Vertical Garden - Bristol, UK
The design team undertook a detailed analysis of the existing context and site in terms of form, symmetry and visual balance.
While comprising a collection of varied architectural style and form, it was acknowledged that the existing Victorian houses had a sense of order and place with a simple palette of materials, colours and composition. It was acknowledged that the proposed extension must sit subservient to the principal composition and retain a sense of visual balance in terms of colour and proportion.
The design team set a simple set of design criteria which could be listed as follow:
The design should not compete or seek to dominate the existing context.
The detail of glazing, windows should be clean and unfussy, allowing the existing buildings to retain its place as central com- position.
The extension should seek to protect neighbours from the risk of overseeing.
The extension should adopt principles of sustainable architecture.
Landscape, Architecture, Interior,
Extension, Loft conversion
The proposal boasts significant environmental sustainability credentials, not only from its lo- cation but also due to its architectural design.
The aspiration is to develop a high quality, sustainable design and minimise carbon use.
The site is in a highly sustainable location close to the town centre with excellent pedestrian access to public transport with a number of bus stops only a short walking distance away and Temple Meads train Station nearby. These key transport nodes provide access to rout all over the UK.
Obviously a key requirement has been to re- furbish a building that will minimise energy use and running costs in the first instance by maximising natural energy resources and during the detailed design stage further consideration will be given to ensure the efficiency of the building envelope is maximised and construction technologies with low embodied energy materials and highly rated green-guide materials are utilised, as well as exploring options for efficient energy services.
Some of the elements which will need to be considered in detail are as follows:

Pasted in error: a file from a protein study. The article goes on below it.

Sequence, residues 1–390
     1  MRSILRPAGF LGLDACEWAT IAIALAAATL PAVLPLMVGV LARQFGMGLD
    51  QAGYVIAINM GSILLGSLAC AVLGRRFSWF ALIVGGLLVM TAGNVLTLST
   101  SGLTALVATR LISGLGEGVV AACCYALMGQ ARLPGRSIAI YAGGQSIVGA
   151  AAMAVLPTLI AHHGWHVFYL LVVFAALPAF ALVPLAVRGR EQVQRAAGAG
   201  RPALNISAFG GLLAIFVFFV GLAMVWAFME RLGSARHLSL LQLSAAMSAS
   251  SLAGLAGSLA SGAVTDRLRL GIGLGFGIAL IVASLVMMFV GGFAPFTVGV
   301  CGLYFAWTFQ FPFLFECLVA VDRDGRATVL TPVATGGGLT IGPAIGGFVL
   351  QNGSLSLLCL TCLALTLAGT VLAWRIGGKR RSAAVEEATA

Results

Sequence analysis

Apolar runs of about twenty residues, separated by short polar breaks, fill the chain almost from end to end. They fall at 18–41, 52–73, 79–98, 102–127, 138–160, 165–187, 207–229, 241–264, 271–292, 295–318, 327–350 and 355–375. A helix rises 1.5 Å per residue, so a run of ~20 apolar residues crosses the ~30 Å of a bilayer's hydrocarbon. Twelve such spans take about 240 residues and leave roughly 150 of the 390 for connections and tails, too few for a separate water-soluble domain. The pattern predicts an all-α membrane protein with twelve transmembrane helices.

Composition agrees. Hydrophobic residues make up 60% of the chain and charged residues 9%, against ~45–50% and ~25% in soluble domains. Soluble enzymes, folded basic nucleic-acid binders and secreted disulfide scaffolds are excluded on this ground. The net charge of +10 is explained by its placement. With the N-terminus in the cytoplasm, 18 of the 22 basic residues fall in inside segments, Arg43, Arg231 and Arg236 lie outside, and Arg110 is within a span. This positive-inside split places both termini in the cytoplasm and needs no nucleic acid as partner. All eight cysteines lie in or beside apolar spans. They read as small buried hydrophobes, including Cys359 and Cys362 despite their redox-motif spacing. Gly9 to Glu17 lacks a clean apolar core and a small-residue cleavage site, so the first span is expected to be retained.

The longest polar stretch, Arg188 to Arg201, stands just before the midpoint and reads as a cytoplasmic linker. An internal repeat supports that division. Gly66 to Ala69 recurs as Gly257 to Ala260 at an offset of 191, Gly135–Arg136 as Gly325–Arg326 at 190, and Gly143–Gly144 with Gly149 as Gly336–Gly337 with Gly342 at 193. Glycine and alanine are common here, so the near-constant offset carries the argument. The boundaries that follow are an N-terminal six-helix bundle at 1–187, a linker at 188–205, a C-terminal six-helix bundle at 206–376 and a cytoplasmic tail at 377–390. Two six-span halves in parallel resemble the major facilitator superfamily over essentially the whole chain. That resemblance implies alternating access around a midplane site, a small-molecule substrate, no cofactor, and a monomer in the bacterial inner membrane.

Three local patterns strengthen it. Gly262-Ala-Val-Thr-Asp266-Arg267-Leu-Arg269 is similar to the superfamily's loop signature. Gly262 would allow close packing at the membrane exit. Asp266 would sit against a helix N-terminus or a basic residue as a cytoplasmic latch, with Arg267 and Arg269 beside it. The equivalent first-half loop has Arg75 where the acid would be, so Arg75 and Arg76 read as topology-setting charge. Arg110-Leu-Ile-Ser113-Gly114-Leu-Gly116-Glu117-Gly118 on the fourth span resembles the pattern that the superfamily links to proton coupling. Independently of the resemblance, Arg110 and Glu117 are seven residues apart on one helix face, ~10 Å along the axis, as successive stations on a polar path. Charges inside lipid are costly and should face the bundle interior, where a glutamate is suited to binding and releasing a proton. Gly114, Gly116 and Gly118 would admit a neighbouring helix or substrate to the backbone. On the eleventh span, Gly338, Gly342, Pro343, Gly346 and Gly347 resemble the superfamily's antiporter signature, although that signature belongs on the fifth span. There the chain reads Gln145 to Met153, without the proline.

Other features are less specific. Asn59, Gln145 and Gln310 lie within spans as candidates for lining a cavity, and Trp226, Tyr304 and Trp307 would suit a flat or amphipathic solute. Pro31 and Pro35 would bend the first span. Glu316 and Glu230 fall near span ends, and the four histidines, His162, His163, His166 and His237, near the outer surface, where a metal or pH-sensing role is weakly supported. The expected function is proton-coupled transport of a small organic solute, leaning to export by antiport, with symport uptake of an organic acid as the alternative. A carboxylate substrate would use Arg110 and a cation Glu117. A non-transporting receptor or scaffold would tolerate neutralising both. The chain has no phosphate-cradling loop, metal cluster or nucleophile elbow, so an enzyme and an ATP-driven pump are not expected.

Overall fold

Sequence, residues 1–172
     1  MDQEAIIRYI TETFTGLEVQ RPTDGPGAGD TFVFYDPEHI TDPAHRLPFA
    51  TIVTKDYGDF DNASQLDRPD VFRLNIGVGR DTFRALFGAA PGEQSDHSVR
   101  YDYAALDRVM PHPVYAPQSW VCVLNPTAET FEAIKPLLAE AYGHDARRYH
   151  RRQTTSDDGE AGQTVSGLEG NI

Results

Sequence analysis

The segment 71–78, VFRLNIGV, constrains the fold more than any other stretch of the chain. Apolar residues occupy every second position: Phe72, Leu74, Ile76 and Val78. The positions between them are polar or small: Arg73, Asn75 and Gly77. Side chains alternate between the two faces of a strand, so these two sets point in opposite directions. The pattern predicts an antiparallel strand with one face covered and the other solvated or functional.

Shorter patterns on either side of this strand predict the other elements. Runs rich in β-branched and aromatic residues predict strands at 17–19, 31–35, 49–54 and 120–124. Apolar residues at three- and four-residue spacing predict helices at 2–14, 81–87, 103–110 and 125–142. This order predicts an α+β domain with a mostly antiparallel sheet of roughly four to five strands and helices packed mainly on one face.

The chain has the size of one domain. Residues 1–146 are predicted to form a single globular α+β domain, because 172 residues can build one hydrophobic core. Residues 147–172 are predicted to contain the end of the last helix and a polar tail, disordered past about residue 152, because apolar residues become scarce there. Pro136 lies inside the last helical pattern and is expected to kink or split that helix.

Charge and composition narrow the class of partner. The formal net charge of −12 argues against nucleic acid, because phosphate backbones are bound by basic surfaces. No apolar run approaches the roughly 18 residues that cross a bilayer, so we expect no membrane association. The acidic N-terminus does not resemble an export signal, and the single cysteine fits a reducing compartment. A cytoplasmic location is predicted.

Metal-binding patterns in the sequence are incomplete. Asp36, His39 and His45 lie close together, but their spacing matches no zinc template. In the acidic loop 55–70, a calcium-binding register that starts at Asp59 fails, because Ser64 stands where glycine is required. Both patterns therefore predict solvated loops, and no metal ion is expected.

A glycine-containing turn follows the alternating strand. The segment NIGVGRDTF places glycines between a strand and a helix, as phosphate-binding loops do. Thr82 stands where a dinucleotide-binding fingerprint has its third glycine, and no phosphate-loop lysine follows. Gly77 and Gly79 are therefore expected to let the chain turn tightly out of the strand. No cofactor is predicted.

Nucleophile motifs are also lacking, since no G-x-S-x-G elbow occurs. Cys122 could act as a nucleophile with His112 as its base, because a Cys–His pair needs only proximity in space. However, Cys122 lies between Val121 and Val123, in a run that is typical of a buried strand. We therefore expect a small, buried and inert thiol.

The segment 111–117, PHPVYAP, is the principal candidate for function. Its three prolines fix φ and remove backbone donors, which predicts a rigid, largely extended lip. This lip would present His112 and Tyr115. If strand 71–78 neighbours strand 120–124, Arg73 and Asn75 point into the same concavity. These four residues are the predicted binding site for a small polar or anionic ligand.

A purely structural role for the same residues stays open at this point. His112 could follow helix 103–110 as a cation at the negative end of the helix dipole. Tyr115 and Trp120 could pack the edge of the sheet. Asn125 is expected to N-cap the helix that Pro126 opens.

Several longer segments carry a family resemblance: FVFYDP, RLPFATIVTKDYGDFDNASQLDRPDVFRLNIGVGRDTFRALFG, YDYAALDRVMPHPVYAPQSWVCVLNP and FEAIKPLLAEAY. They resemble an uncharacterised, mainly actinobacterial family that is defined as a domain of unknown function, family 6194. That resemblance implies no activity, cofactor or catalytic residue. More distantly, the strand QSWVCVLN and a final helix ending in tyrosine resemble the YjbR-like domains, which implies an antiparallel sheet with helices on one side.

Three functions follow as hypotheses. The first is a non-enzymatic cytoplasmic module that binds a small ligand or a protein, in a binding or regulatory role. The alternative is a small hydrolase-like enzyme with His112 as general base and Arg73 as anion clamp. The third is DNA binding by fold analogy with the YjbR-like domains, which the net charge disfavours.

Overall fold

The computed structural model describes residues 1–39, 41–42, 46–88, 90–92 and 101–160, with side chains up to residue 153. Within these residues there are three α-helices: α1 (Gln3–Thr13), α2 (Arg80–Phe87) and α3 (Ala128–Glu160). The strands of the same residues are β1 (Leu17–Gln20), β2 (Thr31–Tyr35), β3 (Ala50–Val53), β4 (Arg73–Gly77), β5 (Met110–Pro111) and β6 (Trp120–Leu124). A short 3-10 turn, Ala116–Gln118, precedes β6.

- High standards of thermal insulation
and air tightness;
- Renewable and Low or Zero Carbon (LZC) energy options such as micor Combined Heat and Power (CHP);
- Energy efficient mechanical and electrical building system;
- Energy efficient light settings through out, both for internal and external light ing;
- A-rated energy efficient white goodes where provided
- High efficiency heating and water systems.
- Water efficiency devices and appliances.
The use of energy can be significantly reduced through maximising natural or renewable energy and by ensuring high performance in the building fabric and systems.
The existing solid wall structure makes it easier to achieve a highly sealed building envelope with simpler junctions and less thermal movement.
Light pollution will be minimised through the
careful design of external lighting, and use of efficient fittings.
A living wall offers numerous benefits. It helps to purify the air, to reduce the ambient temperature, to regulate the temperature and promotes biodiversity in the city. Living walls are part of climate-proof construction.
- The plants in a living wall filter particulate matter from the air and convert CO2 into oxygen.
- Plant absorb sunlight, 50% is absorbed and 30% reflected; so this helps to produce a cooler environment. For indoor climate this means that 33% less air conditioning is required, which in turn means energy savings. An outdoor living wall also has a positive in influence on the heat-island effect in the city.
- The plants that are included in the living wall promote the habitat of birds, butterflies and insects, especially in the city environment which is mainly concrete and asphalt.
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